Singer Ernie K-Doe once declared, "I'm not sure, but I'm almost positive, that all music came from New Orleans". While K-Doe's claim might be viewed as a bold exaggeration, had he included the rest of the state of Louisiana in his proclamation, he would actually be pretty close to the truth.
Certainly there is no other geographical area in the world that has served as the origin for as many styles of music than Louisiana has in the last century. First there was jazz, a sound that could only have developed in a port city as exotic and multi-ethnic as New Orleans. Later the city served as an incubator for rhythm and blues, a style which married Dixieland jazz and the barrelhouse blues piano tradition. R&B would then metamorphose into rock'n'roll, and New Orleans has the oldest, richest and most influential tradition the genre has ever had. Fats Domino, Professor Longhair, Little Richard, Allen Toussaint, Roy Brown, Lloyd Price, Huey Smith, Lee Dorsey, Ernie K-Doe. Need we say more?
R&B would amalgamate with brass band music and create funk, and there is no funkier city on the face of the earth than New Orleans. Southwest Louisiana was no less musically creative, as it was birthplace of Cajun, zydeco and swamp pop music. The northern section of the state was also an important centre for country and rockabilly music.
While no single CD collection could possibly encompass all of the important indigenous music of Louisiana, This Is Louisiana is as comprehensive as an 18 track CD could possibly hope to be. Containing all of the important musical styles of Louisiana, it is in many ways a musical tour of the state, and an enjoyable one at that.
Our first stop is appropriately New Orleans, where it all began. This collection includes perhaps the finest example of New Orleans rock'n'roll ever made - Frankie Ford's fabulous 1959 hit Sea Cruise. The composer was the brilliant Huey "Piano" Smith who, along with his group the Clowns, also contribute the memorable, Don't You Just Know It.
Heading west from New Orleans on Interstate 10, after passing through the state capitol of Baton Rouge and crossing the Atchafalaya River Basin, you've entered Acadiana - Cajun country. This Is Louisiana includes several tracks by the major architects of Cajun music including Jimmy Newman's version of the timeless classic Jolie Blonde, a song many Louisianians consider their national anthem.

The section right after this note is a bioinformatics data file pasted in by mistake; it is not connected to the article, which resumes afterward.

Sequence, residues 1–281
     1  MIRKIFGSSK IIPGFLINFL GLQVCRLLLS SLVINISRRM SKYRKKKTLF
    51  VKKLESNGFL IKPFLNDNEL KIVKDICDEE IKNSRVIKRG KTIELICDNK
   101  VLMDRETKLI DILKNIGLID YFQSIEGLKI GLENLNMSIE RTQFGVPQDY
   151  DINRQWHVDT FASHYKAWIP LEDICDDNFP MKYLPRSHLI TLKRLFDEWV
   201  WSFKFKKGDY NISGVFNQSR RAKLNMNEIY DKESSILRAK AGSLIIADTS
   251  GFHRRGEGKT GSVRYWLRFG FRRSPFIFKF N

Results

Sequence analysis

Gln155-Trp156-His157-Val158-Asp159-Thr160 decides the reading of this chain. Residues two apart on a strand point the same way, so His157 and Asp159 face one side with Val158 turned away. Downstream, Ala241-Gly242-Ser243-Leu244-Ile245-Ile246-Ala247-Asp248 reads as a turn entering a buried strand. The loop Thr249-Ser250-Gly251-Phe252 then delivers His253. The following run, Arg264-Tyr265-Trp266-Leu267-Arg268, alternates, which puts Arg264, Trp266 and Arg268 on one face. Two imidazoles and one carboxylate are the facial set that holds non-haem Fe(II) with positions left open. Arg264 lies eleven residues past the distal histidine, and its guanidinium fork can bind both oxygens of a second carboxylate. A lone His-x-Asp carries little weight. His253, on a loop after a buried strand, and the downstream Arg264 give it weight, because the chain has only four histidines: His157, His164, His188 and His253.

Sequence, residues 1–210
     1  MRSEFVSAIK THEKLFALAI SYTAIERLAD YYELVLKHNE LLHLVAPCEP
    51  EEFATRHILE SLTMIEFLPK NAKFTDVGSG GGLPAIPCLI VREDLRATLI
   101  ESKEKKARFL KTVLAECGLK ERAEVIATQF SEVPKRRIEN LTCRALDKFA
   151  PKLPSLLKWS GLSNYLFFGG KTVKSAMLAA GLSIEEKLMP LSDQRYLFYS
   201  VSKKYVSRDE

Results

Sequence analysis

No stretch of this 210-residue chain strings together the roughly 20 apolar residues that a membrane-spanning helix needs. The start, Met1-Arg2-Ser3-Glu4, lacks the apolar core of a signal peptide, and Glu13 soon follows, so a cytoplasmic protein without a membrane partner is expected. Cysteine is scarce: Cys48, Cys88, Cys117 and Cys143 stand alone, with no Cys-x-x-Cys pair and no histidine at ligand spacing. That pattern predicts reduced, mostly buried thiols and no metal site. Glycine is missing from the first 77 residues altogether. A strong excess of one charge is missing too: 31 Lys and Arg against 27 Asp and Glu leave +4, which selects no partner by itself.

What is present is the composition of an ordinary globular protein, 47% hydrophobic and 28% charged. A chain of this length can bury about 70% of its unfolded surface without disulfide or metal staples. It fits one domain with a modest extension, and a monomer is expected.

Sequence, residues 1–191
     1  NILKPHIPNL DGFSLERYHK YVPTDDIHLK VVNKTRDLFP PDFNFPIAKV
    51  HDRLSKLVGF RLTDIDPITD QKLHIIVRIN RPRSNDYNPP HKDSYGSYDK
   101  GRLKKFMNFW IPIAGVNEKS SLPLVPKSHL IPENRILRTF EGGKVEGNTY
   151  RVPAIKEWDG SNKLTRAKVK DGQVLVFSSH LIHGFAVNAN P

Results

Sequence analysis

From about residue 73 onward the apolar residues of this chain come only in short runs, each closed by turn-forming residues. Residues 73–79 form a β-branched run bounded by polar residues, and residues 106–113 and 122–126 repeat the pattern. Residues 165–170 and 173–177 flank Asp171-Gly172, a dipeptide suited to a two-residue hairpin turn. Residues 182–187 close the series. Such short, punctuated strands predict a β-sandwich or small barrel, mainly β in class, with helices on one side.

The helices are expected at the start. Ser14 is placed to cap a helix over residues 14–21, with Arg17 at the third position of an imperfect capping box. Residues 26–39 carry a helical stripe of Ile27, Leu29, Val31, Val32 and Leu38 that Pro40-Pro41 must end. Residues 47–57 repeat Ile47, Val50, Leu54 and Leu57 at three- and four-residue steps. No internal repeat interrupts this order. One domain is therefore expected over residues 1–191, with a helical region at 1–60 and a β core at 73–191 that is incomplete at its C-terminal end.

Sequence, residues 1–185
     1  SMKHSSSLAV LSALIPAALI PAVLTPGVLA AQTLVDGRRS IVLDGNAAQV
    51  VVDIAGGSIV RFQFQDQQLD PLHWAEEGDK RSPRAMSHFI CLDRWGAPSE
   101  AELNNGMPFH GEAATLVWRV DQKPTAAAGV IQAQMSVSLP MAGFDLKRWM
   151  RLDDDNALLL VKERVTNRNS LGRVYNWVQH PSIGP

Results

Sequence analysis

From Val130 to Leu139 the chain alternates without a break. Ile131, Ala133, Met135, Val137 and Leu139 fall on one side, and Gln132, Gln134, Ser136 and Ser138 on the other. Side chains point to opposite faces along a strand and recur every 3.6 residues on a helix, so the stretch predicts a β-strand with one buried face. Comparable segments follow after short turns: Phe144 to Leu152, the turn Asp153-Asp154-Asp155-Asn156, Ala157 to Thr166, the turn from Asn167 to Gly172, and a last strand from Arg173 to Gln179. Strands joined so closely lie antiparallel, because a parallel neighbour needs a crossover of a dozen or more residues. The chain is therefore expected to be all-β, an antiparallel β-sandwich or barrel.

No less creative, the Creole people that live in Southwest Louisiana combined traditional French music with rhythm and blues and came up with their own accordion-led dance music - zydeco. The word zydeco is Creole slang for les haricots (snap beans), and it was used in the old Creole song Les Haricots Sont Pas Sale (The Snap Beans Aren't Salty). This collection includes the most popular zydeco song of all time, My Toot Toot by Rockin' Sidney, an often covered international hit from 1984.
Perhaps the most overlooked style of indigenous Louisiana music is Swamp Pop, which was aptly described by one musician as, "Half (Fats) Domino, half fais do-do". In layman's terms, swamp pop is a mixture of New Orleans R&B, Cajun music and country, with its main influence the great Fats Domino. This Is Louisiana contains several of the leading swamp pop artists including Cookie and The Cupcakes's version of Mathilda, the virtual blueprint for Louisiana swamp pop.
Louisiana's contribution to popular music represents the irrepressible vitality and the bond of ethnocentricity of the area. This Is Louisiana is more than just a collection of the state's great music, it's a testament to tradition.
by JEFF HANNUSCH